job screening question

Bryan Irvine sparctacus at
Sat Jul 7 04:25:55 UTC 2012

On Sat, Jul 07, 2012 at 02:06:58PM +1000, Matthew Palmer wrote:
> On Sat, Jul 07, 2012 at 12:51:55PM +1200, Ben Aitchison wrote:
> > On Fri, Jul 06, 2012 at 04:18:21PM +1000, Matthew Palmer wrote:
> > > On Thu, Jul 05, 2012 at 05:01:39PM -0700, Scott Weeks wrote:
> > > > --- jason at wrote:
> > > > From: Jason Baugher <jason at>
> > > > 
> > > > Geez, I'd be happy to find someone with a good attitude, a solid work 
> > > > ethic, and the desire and aptitude to learn. :)
> > > > ---------------------------------------
> > > > 
> > > > 
> > > > Yeah, that.  But how do you get those folks through the HR 
> > > > process to you, so you can decipher their skill/work ethic 
> > > > level?  What can the HR person ask to find out if someone 
> > > > has these qualities?  OSPF LSA type questions will not help.
> > > 
> > > Don't get HR to do that sort of screening.  They suck mightily at it.  I
> > > lack any sort of HR department to get in the way, and I'm glad of it -- I
> > > don't see the value in having someone who doesn't know anything about the
> > > job get in the way of finding the right person for it.  Sure, get 'em to do
> > > the scutwork of posting job ads, collating resumes, scheduling things and
> > > sending the "lolz no!" responses, but actually filtering?  Nah, I'll do that
> > > bit thanks.  If you have to have HR do a filter call, make it *really*
> > > simple, like "What does TCP stand for?" -- sadly, you'll still probably
> > > filter out half the applicants for a senior position...
> > 
> > I've noticed a strong correlation between people who don't know what acronyms
> > stand for, and competence.  People who don't know anything try and figure out
> > what the acronym stands for - people who want to understand things see it as
> > just a place holder.
> [...]
> > Maybe it's more significant to ask what the difference between TCP and UDP is.
> Yes, the difference between TCP and UDP is a much better question to ask,
> but having HR assess and act on the answer to the question is a whole hell
> of a lot harder.  In many ways, *that's* the tough bit of finding a good
> screening question. 
Indeed.  I was once filtered out of a sysadmin job at a big search engine company.
They asked questions like:
What system call does the ls command make?
I didn't know, but said you could read the source or strace to find out.

They asked me to describe what ARP is.
I basically talked about what an ARP table is and went into detail about "who-has" requests for building the table etc...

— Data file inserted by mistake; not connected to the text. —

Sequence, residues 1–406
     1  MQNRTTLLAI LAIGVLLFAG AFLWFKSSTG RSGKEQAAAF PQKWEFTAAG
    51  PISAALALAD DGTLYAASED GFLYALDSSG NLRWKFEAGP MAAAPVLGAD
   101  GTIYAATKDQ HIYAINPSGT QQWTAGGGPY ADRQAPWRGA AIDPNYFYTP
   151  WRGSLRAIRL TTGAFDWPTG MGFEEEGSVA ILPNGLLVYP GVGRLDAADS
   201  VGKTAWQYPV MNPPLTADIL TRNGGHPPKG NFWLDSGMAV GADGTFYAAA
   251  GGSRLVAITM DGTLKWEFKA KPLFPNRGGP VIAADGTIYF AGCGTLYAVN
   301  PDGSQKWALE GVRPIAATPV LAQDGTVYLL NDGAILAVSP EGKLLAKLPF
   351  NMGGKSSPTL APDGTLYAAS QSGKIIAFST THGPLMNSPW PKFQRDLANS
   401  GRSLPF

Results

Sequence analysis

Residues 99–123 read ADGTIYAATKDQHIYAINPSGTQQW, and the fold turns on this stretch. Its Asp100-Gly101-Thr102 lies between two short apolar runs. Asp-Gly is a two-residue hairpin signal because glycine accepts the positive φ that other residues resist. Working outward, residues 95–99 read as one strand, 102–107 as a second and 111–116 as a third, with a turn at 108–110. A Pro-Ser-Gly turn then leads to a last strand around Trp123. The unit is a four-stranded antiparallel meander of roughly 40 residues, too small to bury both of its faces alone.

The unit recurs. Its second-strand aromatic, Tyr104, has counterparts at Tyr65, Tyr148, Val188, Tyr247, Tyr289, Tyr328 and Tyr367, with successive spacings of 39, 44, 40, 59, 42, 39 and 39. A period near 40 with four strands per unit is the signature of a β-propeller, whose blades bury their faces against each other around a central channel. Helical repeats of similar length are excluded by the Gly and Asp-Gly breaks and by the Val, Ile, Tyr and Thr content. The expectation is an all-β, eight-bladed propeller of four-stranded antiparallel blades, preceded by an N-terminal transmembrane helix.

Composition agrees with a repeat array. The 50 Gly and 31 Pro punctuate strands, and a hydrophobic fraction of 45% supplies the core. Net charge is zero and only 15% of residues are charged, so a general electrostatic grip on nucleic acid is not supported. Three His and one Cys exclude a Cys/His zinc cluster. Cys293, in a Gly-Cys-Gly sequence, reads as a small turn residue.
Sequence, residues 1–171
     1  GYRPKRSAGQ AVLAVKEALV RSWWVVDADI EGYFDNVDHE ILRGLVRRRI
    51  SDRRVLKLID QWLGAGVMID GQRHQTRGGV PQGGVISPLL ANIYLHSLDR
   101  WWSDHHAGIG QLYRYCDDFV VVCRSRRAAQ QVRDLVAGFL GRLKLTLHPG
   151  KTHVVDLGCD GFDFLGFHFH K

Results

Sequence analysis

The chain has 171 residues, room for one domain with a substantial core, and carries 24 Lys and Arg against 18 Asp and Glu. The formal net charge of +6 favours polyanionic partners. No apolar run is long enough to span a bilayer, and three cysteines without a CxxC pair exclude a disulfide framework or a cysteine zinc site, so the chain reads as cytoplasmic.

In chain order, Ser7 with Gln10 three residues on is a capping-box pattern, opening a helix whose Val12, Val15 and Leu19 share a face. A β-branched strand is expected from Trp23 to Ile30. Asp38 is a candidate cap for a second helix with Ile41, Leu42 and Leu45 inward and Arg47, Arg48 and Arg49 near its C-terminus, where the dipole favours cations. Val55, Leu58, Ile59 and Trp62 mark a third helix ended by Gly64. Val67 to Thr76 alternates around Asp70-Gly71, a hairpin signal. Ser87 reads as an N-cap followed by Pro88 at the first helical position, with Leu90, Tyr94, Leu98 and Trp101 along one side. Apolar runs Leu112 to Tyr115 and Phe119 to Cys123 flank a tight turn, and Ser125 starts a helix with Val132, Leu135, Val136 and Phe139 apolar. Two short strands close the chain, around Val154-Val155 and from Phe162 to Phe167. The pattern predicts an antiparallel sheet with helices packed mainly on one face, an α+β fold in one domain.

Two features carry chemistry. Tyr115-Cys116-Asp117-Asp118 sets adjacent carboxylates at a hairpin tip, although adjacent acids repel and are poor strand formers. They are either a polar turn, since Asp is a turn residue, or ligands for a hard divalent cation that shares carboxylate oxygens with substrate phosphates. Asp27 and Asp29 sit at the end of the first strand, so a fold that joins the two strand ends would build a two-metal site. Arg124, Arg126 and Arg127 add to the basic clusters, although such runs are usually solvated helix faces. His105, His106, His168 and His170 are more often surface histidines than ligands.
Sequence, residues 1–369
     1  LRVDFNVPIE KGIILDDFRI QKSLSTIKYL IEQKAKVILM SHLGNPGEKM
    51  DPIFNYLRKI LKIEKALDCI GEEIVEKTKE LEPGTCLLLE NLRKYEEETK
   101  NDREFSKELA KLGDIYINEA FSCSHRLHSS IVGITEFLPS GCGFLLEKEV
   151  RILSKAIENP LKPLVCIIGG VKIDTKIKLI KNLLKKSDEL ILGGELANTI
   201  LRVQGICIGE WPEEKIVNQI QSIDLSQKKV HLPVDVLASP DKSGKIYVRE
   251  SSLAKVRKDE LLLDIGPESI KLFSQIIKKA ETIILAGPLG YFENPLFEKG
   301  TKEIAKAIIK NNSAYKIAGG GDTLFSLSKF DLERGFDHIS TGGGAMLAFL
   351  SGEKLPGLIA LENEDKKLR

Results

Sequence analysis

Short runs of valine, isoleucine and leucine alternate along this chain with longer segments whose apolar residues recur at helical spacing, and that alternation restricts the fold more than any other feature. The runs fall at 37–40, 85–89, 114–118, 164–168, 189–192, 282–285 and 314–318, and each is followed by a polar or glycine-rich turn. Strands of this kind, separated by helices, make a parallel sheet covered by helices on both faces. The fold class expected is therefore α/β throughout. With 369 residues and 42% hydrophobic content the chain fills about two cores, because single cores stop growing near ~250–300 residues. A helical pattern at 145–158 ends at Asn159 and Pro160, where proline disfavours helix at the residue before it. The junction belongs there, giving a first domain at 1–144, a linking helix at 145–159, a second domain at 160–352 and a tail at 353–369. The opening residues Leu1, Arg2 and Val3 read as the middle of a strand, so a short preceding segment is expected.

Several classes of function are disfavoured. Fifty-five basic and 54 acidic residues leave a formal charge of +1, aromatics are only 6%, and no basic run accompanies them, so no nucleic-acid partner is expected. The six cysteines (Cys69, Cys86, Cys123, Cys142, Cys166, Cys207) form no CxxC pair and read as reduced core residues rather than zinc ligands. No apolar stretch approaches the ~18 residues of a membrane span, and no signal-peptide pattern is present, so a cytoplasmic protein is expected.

and more questions like that.  They seemed lost and didn't seem to know what I was talking about.  It was at this point I realized that I was talking to an HR screener. The conversation was awkward from this point on as I struggled to attempt to guess what might be on the piece of paper as "The Right Answer". Needless to say I didn't hear back. Was I what they were looking for? Maybe, maybe not. But I was screened out before either of us could find out.  Just as well, I'm much happier where I am now. :-)

> Finding good interview questions *in general* isn't all
> that hard.  With a good senior candidate my interview questions could just
> be bringing up problems I've recently solved or am currently wrestling with,
> and having a 30 minute conversation on the problem.  I'll get a very good
> idea of someone's domain knowledge and problem-solving skills by doing that. 
> But there's no way I can ask HR to do that, because they don't know how to
> assess the answer, and as previously demonstrated ("fragmented disks",
> indeed), you can't have HR act as scribe and relay the answer to you,
> because they'll get it wrong, and the interesting bit is the *conversation*,
> not the canned single-shot answer.

Definitely. I like the describe difference between UDP/TCP question.  Another fave of mine is "Give me a list of various acronyms and its associated port" and give them HTTP/80 as an example. Many interviews end shortly after this one.

> That's my motivation for asking a question as inane as "What does TCP stand
> for?" -- it has an overwhelmingly obvious answer that can be verified in a
> second or two by someone who really doesn't know anything about what they're
> asking.  Give a candidate 10 of those sorts of questions over the phone from
> an HR drone, if they score 8-or-better (for instance) they pass and you get
> to see their resume.  That is, of course, assuming your organisation is so
> screwed up that they won't let you at candidates directly (which is still my
> preferred option -- leave HR to do the paperwork).

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